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Examining ICD-10-CM Codes for Mental, Behavioral and Neurodevelopmental Disorders

Mental disorders or mental illnesses represent a “psychological pattern, potentially reflected in behavior, that is generally associated with distress or disability, and which is not considered part of normal development of a person’s culture,” according to Wikipedia. In addition, mental disorders are often “defined by a combination of how a person feels, acts, thinks, or perceives.”

What we know is that these mental disorders can be “associated with particular regions or functions of the brain or rest of the nervous system, often in social context,” the Wikipedia site added. As science and medicine have advanced throughout the years, various definitions, assessment, and classification tools have been used.

Currently, the mental health profession is utilizing two different classifications for the diagnosis and treatment of mental health disorders.  International Classification of Diseases 9th Revision Clinical Modification (ICD-9-CM), which is developed by the World Health Organization (WHO), and Diagnostic and Statistical Manual of Mental Disorders, 4th edition, text revision (DSM-IV-TR) developed from the American Psychiatric Association (APA).

As we move into ICD-10-CM as the replacement code set for ICD-9-CM, mental health providers are also seeing the updated DSM-V. The APA and the Centers for Disease Control and Prevention have worked together in the development of a more common structure and descriptive diagnosis between ICD-10-CM and the DSM-V.

ICD-10-CM and ICD-9-CM both contain mental and behavioral health codes in Chapter 5 of the manuals, but there has been a revision in the classification of some conditions, along with more granularity and greater detail. Specific guidelines for mental disorders have been developed for ICD-10-CM.

Until now, we did not have any guidelines available in ICD-9-CM for coding mental health disorders. However, in ICD-10-CM great improvements in the attention to and the standardization of specific guidelines for coding are available.

Visually, the comparison below is a great illustration of the advances that have been made in science and their inclusion in ICD-10-CM.  In ICD-10-CM we see a lot more categories, subcategories, and codes. Clinical documentation will require greater detail in ICD-10-CM, but much of the kind of documentation needed has not changed from that of ICD-9-CM. The elements of acuity of the disease (i.e. acute or chronic), the etiology, and any associated manifestations or complications are still factored into the codes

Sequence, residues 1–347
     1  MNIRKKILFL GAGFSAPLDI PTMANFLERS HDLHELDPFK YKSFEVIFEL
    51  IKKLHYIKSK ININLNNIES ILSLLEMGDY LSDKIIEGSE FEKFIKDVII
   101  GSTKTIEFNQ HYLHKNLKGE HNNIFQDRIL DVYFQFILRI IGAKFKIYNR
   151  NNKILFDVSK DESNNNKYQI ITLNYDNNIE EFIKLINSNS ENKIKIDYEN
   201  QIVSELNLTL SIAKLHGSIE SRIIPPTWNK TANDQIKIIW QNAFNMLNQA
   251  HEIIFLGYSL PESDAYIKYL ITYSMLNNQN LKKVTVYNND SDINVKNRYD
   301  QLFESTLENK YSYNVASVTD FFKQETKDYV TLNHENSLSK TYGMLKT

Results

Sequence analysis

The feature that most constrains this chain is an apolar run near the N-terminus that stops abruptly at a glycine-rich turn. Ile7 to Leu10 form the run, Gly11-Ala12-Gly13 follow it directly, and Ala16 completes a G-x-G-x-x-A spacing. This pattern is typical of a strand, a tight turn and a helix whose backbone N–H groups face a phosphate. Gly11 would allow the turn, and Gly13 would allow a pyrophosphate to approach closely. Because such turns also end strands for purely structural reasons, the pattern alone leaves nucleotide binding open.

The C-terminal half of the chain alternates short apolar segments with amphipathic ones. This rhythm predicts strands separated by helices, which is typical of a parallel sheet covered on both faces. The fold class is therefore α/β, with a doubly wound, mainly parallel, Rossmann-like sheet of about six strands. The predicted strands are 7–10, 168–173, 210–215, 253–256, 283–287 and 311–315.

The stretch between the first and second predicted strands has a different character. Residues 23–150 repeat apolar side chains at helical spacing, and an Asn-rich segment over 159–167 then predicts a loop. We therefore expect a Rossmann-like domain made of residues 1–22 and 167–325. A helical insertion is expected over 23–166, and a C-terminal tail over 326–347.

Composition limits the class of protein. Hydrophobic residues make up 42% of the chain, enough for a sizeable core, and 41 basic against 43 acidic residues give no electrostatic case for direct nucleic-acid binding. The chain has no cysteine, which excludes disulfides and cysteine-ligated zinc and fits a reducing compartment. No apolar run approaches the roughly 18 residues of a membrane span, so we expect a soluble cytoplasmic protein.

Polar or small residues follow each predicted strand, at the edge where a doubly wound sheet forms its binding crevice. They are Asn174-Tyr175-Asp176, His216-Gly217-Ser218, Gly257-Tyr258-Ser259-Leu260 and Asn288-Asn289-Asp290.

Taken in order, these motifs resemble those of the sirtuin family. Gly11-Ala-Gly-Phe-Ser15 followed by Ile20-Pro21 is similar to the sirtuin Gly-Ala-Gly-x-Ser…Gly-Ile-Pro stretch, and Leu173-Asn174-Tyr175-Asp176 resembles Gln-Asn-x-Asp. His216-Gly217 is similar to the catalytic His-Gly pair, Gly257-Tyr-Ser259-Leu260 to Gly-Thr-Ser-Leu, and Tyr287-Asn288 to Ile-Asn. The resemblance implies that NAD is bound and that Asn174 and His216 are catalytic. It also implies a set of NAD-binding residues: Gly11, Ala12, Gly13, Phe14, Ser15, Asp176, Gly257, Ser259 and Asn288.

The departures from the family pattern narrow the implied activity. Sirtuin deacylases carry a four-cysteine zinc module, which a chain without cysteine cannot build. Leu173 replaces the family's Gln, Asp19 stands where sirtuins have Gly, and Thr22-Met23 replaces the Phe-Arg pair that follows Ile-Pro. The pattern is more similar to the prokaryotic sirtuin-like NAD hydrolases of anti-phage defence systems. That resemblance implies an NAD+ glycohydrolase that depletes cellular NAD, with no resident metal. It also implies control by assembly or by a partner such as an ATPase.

When a patient suffers from more than one mental disorder concurrently, the physician is required to document the diagnosis and treatment of each.


290-294  Organic Psychotic Conditions

295-299  Other Psychoses

300-316  Neurotic Disorders, Personality Disorders, and Other Nonpsychotic Mental Disorders

317-319  Intellectual Disabilities




F01-F09  Mental Disorders due to known Physiological condition

F10-F19  Mental and Behavioral Disorders due to Psychoactive Substance Abuse

F20-F29  Schizophrenia, Schizotypal, Delusional, and Other Non-Mood Disorders

F30-F39  Mood [Affective Disorders

F40-F48  Anxiety, Dissociative, Stress-Related, Somatoform and Other Nonpsychotic Mental Disorders

F50-F59  Behavioral Syndrome Associated with Physiological Disturbances and Physical Factors

F60-F69  Disorders of Adult Personality and Behavior

F70-F79  Intellectual Disabilities

F80-F89  Pervasive and Specific Developmental Disorders

F90-F98  Behavioral and Emotional Disorders with Onset Usually Occurring in Childhood and Adolescence

F99  Unspecified Mental Disorder

SOURCE: Contexo Media. Best Practices for ICD-10-CMDocumentation and Compliance 2012. Salt Lake City: Contexo Media, 2012. Print.

In articles over the next several days, we will go into greater detail within each of these categories and the specific changes that have been made in each one.

For more ICD-10 articles, please visit our ICD-10 Updates page.

— Compiled by former CIPROMS ICD-10 Coordinator, Angela Hickman, CPC, CEDC, AHIMA-Approved ICD-10 CM/PCS Trainer, AHIMA Ambassador. All rights reserved. For use or reprint in your blog, website, or publication, please contact us at cipromsmarketing@ciproms.com.


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